Christians had surrendered the world to the enemy willingly. They were busy asserting that it is a virtue to be unconcerned about the problems of this world. As a recent best seller representing this policy of surrender states it, "We should be living like persons who don't expect to be around much longer." (Hal Lindsey: The Late Great Planet Earth. p. 145.) What was once said of a famous senator can also be said of these men: theirs is a trumpet that always sounds retreat.

The churchmen have surrendered the world to the enemy, and the humanists, after having tried one remedy after another, now have essentially only one more answer: more power. As in the days of Rome, this is a confession of bankruptcy. It is also a threat to peace, because the man without a philosophy has not answer but brute force. But brute power is impotent as a constructive force; it can only destroy.

The necessity for Christian reconstruction has never been greater.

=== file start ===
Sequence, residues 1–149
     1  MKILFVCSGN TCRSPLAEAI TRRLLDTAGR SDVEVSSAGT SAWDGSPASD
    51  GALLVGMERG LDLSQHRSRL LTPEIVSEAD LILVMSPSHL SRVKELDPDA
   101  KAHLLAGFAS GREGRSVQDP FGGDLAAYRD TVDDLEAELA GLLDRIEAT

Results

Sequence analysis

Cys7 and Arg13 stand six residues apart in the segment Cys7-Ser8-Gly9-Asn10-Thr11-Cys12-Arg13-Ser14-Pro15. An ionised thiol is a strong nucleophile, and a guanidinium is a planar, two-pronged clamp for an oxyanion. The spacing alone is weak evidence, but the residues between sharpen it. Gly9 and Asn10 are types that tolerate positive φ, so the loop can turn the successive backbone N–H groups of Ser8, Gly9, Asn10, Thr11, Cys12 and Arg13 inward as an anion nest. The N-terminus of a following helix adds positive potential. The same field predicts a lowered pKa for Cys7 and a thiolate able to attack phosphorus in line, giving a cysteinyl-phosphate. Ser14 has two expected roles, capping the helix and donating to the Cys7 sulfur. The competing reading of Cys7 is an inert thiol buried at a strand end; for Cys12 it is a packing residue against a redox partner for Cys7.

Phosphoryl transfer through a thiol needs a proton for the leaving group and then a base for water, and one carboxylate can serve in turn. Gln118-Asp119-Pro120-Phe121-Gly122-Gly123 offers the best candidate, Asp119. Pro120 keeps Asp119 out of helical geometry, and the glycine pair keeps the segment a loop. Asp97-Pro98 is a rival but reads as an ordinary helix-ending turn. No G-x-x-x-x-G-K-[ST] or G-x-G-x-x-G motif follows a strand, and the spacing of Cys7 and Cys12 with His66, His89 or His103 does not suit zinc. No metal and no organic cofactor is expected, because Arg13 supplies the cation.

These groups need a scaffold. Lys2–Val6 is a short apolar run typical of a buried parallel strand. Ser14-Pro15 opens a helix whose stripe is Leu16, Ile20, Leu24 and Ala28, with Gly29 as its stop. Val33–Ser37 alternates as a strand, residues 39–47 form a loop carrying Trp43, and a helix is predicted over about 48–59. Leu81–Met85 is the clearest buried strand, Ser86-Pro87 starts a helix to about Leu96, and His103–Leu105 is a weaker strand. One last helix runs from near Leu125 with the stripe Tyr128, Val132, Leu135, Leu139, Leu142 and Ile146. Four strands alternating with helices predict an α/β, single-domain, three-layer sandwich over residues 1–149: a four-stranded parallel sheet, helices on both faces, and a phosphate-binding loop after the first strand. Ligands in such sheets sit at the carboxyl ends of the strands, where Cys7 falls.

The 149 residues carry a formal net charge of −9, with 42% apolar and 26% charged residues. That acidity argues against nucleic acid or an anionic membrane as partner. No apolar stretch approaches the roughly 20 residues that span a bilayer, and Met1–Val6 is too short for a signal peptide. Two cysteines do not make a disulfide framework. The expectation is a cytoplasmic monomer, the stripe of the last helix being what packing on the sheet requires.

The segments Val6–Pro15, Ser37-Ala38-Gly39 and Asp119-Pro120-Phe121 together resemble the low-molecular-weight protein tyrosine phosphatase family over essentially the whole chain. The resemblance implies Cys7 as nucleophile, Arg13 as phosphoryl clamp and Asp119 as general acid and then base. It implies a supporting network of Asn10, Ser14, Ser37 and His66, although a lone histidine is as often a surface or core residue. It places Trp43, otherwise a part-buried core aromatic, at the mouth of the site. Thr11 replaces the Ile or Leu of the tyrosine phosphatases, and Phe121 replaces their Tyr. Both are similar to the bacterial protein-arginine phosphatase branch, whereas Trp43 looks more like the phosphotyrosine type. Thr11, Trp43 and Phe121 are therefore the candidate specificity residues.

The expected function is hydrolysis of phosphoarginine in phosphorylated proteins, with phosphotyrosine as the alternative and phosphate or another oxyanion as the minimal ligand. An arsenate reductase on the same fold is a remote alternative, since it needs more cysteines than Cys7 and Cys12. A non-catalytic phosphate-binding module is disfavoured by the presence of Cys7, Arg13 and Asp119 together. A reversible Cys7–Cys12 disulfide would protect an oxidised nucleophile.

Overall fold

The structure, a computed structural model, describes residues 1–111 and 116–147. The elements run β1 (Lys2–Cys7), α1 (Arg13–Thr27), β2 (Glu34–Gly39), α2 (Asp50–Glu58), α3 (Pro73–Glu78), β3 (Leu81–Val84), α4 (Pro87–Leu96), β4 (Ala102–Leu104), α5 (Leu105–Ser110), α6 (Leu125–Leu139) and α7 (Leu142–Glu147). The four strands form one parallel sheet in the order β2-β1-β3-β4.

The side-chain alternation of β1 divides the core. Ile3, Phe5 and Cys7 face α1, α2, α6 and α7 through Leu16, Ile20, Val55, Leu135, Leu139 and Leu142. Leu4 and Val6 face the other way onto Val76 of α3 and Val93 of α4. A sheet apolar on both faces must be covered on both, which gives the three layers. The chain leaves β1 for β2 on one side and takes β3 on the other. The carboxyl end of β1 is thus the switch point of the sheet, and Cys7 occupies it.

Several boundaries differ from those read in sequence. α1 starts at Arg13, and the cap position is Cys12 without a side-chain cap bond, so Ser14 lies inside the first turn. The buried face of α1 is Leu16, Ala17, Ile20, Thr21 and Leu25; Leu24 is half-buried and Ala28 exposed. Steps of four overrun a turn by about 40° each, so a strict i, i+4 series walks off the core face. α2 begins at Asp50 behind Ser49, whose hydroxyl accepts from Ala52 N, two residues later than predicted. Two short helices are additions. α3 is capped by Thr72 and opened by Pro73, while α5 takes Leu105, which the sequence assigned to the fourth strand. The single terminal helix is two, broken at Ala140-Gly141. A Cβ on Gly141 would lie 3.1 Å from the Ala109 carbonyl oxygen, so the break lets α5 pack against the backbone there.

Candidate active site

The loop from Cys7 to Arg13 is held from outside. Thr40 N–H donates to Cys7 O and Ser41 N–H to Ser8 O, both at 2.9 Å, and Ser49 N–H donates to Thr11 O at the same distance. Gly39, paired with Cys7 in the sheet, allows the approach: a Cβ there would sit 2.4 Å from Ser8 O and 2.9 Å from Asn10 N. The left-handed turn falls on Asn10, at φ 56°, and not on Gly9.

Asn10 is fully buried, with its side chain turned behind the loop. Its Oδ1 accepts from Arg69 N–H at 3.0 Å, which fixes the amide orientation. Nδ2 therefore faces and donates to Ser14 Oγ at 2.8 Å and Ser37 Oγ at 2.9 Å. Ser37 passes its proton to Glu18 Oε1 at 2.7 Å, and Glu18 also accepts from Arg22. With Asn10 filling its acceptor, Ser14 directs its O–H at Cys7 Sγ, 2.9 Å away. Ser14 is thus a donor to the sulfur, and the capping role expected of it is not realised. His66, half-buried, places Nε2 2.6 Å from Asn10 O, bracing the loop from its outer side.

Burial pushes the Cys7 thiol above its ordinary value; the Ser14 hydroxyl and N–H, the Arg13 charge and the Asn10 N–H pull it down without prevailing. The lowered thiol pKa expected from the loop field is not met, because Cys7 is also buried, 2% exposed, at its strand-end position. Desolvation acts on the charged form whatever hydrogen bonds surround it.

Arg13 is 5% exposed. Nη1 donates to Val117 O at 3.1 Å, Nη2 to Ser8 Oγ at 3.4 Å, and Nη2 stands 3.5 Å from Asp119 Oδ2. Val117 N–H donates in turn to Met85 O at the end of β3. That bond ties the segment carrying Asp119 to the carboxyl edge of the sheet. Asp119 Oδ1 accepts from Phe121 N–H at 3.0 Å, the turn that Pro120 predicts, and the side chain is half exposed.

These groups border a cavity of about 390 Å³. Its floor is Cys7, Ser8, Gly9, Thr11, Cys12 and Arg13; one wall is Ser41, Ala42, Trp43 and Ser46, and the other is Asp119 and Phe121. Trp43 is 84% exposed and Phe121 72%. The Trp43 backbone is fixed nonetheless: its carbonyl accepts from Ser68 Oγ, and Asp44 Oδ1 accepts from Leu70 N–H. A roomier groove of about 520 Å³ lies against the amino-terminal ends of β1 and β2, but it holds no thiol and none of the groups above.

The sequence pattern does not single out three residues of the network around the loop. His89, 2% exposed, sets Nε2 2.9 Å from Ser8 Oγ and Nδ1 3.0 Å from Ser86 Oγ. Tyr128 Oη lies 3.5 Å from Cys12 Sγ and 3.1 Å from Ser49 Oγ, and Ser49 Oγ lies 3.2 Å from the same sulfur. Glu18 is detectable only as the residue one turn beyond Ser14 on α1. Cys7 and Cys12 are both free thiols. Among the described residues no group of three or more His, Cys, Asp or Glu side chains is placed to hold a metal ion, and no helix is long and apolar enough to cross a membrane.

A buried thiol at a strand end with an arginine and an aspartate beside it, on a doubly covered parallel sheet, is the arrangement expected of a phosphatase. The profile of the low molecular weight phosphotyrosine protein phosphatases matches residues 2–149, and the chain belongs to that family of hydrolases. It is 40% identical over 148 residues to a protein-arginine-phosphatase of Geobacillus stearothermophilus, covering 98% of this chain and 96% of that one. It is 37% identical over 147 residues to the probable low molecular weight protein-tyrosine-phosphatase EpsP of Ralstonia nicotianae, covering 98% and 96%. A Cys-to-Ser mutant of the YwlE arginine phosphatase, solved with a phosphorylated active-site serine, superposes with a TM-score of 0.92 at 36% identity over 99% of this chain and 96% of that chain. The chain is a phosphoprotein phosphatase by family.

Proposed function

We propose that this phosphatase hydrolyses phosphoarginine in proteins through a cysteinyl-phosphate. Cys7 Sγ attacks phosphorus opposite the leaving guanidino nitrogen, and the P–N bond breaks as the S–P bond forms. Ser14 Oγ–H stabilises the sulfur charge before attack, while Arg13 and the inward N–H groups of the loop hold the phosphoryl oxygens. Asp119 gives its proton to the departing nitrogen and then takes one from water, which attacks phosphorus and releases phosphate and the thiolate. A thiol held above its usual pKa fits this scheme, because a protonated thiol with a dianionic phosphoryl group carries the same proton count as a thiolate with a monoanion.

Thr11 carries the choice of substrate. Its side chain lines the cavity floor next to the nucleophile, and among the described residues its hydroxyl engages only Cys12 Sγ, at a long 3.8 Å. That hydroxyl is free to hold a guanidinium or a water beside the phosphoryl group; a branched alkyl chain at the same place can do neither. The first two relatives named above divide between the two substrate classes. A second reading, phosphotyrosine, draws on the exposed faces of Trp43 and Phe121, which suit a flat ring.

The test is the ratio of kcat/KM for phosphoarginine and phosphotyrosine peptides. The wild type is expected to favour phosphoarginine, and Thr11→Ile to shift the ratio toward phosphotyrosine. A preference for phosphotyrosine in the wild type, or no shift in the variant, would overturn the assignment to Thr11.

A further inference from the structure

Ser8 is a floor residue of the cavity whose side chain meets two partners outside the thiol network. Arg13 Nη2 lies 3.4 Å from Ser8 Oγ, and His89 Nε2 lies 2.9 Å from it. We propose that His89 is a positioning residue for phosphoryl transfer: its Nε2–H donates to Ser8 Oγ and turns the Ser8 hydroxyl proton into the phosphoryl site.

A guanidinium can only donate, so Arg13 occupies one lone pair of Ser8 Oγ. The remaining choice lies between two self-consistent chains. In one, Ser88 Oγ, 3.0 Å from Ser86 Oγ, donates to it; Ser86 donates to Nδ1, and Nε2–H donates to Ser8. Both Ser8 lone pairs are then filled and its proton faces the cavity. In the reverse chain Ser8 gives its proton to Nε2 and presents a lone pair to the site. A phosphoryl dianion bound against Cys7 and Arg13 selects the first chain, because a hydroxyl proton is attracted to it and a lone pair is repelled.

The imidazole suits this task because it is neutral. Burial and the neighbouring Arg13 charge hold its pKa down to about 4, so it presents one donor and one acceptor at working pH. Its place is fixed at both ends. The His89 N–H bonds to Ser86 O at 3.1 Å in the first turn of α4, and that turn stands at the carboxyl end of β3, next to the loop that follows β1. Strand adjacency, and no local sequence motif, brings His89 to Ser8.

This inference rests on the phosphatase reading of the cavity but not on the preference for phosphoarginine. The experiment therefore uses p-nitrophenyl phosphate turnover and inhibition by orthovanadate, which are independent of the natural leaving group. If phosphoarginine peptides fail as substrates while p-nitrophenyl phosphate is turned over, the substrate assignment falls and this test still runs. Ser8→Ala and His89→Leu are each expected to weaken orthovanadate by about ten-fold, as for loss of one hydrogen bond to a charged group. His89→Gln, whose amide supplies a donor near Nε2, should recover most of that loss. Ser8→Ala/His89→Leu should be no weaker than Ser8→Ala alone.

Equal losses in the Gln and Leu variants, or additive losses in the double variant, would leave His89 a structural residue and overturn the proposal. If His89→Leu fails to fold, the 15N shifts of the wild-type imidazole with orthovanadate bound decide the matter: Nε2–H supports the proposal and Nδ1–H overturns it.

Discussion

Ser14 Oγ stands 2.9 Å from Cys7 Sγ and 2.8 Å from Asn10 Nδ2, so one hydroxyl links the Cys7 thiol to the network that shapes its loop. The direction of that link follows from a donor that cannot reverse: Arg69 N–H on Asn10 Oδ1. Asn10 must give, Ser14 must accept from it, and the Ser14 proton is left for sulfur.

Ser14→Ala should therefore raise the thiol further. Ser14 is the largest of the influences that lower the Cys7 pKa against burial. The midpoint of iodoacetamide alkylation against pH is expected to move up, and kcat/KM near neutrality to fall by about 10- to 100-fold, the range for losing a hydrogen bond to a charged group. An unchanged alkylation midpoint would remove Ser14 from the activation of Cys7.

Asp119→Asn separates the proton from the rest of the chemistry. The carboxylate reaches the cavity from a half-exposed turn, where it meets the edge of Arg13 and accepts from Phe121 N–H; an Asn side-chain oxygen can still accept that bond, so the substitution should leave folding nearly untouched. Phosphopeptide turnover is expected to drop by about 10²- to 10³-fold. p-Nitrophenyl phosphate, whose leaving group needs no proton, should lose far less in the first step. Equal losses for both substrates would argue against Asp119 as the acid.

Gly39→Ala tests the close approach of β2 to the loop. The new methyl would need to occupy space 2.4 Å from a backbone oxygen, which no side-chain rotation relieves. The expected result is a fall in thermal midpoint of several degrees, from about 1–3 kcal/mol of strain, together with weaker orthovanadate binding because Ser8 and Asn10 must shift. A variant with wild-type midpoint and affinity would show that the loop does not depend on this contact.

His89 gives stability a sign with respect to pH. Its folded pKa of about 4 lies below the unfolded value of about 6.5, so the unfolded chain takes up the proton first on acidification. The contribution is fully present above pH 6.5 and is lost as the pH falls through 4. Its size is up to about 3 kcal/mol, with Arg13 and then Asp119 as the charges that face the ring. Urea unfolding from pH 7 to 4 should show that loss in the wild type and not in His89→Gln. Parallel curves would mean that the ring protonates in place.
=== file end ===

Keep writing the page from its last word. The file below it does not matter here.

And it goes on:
(Taken from Roots of Reconstruction, p. 870; Chalcedon Report No. 98)


Topics: Reformed Thought, Statism, Education, Justice, Philosophy, Theology, Culture , Government, Eschatology, Church History, Old Testament History, Church, The, Dispensationalism, World History

R. J. Rushdoony

Rev. R.J. Rushdoony (1916–2001), was a leading theologian, church/state expert, and author of numerous works on the application of Biblical law to society. He started the Chalcedon Foundation in 1965.  His Institutes of Biblical Law (1973) began the contemporary theonomy movement which posits the validity of Biblical law as God’s standard of obedience for all. He therefore saw God’s law as the basis of the modern Christian response to the cultural decline, one he attributed to the church’s false view of God’s law being opposed to His grace. This broad Christian response he described as “Christian Reconstruction.”  He is credited with igniting the modern Christian school and homeschooling movements in the mid to late 20th century. He also traveled extensively lecturing and serving as an expert witness in numerous court cases regarding religious liberty. Many ministry and educational efforts that continue today, took their philosophical and Biblical roots from his lectures and books.